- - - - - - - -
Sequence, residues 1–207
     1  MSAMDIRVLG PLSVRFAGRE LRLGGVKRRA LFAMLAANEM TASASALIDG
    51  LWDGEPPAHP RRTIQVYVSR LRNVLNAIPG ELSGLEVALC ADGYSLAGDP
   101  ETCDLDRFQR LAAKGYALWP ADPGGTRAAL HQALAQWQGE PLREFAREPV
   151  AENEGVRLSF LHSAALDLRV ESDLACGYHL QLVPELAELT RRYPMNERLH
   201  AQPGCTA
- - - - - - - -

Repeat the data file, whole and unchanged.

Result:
Sequence, residues 1–207
     1  MSAMDIRVLG PLSVRFAGRE LRLGGVKRRA LFAMLAANEM TASASALIDG
    51  LWDGEPPAHP RRTIQVYVSR LRNVLNAIPG ELSGLEVALC ADGYSLAGDP
   101  ETCDLDRFQR LAAKGYALWP ADPGGTRAAL HQALAQWQGE PLREFAREPV
   151  AENEGVRLSF LHSAALDLRV ESDLACGYHL QLVPELAELT RRYPMNERLH
   201  AQPGCTA